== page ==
Shortly into the walk on Thursday, Beans and Teddy were walking side by side, sniffing each other and everything else in the world, wagging in unison.  Anne rewarded Beans’ “checking in” behaviors with high value treats, cheese in this case.  Soon, Teddy caught on and was gazing up at Anne as well.  With nary a raised hair or lip, we completed our walk.  Clearly, Beans and Teddy had strong friendship potential.  We decided to try the same parallel walk with Livie the following day. 

But then Beans slipped on the floor coming in and was limping again.  Maybe there was actually a latent injury there, exacerbated by the many sedentary hours nursing puppies, the slightly more strenuous walks, and then the slip.  I emailed Ann to let her know what was going on, as I like to keep her and the vets in the loop when in doubt.  The vets responded that Beans should rest (no walks) for a few days and that we could ice the area for 10 minutes at a time a couple times each day for pain relief.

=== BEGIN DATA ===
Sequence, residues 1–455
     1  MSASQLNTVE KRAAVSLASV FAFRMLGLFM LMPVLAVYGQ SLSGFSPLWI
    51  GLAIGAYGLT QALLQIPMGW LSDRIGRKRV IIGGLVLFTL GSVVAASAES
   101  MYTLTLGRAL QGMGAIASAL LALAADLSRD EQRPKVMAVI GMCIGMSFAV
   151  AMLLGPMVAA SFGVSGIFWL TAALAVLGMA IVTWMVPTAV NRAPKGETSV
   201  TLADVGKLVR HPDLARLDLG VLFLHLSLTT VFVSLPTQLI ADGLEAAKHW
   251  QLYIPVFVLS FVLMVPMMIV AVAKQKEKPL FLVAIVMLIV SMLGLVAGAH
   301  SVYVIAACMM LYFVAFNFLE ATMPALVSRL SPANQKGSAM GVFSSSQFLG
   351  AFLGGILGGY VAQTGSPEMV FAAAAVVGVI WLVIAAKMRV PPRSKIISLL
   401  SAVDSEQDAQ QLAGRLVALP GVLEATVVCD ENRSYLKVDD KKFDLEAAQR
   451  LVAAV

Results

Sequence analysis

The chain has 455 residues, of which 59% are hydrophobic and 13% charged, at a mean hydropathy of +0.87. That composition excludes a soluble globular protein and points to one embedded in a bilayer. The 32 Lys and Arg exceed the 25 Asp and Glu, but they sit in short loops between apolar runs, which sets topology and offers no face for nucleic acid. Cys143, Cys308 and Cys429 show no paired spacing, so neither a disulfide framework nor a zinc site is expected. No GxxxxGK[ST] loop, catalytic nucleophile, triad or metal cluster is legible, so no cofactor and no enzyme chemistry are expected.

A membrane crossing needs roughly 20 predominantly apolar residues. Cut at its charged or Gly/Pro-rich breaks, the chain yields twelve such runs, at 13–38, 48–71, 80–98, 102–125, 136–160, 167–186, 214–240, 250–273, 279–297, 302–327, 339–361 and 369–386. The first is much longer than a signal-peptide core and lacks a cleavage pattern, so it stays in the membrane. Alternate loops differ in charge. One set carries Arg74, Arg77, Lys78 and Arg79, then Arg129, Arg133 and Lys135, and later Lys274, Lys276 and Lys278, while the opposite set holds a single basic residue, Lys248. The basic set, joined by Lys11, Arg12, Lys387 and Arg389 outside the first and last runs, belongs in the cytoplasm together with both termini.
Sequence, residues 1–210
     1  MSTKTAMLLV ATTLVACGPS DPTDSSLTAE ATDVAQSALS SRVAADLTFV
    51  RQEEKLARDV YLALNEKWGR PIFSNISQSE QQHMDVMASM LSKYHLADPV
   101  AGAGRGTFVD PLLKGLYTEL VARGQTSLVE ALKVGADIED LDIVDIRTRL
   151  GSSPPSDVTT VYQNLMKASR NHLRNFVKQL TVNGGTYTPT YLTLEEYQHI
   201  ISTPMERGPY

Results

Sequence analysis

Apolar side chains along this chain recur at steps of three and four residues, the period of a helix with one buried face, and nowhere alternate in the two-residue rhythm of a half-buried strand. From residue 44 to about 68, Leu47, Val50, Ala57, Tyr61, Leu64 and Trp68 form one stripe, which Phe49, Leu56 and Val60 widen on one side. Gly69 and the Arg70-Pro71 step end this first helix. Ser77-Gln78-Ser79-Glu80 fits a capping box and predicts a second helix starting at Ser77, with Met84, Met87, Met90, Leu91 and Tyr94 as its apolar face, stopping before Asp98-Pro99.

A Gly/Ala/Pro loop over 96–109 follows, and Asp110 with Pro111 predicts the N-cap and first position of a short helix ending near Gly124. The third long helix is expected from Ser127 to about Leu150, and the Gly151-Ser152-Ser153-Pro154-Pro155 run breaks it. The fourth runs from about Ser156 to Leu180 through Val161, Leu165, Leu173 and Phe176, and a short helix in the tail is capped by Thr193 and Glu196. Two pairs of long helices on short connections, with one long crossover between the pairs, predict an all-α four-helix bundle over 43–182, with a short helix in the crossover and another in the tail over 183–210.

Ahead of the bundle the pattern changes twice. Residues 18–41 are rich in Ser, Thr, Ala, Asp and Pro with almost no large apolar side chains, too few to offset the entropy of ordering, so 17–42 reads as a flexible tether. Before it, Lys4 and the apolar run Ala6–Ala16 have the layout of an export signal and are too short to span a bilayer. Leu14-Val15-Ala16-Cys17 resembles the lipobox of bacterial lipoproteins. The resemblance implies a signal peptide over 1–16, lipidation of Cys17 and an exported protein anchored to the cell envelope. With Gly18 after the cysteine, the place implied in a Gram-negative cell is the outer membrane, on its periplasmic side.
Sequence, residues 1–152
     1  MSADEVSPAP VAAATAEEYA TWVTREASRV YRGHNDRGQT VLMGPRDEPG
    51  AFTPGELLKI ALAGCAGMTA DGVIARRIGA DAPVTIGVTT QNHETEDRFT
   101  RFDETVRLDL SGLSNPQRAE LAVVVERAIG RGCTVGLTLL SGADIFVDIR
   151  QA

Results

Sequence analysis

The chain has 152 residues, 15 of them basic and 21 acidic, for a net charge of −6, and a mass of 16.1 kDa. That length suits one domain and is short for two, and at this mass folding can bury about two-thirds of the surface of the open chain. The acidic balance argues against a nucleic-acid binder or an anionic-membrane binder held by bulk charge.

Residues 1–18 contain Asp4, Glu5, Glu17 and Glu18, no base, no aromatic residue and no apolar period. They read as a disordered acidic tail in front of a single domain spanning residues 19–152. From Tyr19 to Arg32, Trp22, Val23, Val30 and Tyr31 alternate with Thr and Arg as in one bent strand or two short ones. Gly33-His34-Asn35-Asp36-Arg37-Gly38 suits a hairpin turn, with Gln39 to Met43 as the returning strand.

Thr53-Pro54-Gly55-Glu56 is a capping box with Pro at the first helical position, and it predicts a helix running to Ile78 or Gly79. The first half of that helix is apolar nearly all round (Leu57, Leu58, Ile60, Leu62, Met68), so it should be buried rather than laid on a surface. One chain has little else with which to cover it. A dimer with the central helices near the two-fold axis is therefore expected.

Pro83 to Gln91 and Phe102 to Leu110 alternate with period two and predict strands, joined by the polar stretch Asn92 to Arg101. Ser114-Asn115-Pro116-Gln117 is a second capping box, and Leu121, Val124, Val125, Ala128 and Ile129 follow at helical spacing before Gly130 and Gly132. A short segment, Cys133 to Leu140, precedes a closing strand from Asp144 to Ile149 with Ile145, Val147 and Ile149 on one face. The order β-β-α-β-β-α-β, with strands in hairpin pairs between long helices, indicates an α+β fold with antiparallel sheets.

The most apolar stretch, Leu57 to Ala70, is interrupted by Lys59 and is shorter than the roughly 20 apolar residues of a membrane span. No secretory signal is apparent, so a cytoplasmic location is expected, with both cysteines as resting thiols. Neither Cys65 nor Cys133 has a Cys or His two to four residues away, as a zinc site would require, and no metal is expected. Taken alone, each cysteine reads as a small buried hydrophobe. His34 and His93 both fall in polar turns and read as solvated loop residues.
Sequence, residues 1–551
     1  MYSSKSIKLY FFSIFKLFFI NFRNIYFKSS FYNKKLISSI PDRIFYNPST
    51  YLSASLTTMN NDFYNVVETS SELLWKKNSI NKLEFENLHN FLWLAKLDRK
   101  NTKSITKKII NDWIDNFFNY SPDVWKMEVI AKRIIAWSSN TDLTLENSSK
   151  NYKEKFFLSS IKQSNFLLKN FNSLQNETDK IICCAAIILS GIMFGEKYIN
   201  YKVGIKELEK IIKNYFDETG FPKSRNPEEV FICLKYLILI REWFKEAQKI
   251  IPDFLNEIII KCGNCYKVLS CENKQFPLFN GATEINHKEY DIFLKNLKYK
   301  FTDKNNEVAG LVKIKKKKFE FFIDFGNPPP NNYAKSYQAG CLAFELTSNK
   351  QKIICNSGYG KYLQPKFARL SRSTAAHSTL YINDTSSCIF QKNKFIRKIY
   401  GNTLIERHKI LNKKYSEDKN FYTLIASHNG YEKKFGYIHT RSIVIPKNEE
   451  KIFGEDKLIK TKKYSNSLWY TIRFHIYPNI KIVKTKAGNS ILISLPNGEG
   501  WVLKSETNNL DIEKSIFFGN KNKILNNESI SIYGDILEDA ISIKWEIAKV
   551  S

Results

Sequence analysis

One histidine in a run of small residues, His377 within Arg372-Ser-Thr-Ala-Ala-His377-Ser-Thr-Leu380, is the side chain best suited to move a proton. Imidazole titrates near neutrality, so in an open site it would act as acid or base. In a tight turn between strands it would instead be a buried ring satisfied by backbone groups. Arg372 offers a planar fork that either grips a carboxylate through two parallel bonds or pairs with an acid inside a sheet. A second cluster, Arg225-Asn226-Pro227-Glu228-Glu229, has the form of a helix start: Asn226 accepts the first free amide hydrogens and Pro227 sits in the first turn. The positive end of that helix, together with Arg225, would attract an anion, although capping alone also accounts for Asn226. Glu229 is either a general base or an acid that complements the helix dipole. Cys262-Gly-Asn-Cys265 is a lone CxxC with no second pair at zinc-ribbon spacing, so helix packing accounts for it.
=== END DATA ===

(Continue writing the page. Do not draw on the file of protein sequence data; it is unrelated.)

So our plans to slowly introduce Beans to the resident pups and have her playing and chilling upstairs by next week have been thwarted.  Likely, to let Beans heal and not stress any potential injury, she will spend the next four to five weeks downstairs.  I have no doubt that we will be able to take our walks together, as Beans passed the dog interaction test quite well, and we will continue hanging out with her as much as possible to relieve the tedium of nursing puppies all day and to satisfy her strong need for social stimulation.  As I type this, she is cuddled up on the basement couch at my side, her head resting against my leg, her eyes gazing up at me when I glance at her. 

My college bestie (who does not have children) commented on one of her visits to our busy household, “we need to bust you out of here for a vacation away from all this,” this referring to diapers (gladly a phase we have naturally left behind!), meal preparations, animal care, cleaning, carpool, homework help, and general being a mom stuff.  Now, while I love traveling with my adventurous, loving, globe hopping friend, I also love the life I am in, and gain immense pleasure from doing all the stuff.  I do not feel the urge to get away. 

I watch Beans with her puppies and admire her seeming contentedness with her role.  She is attentive and nurturing.  She finds joy in her walks, meals, and surely all the pets, but she is also aware of her larger role.  She accepts it with grace.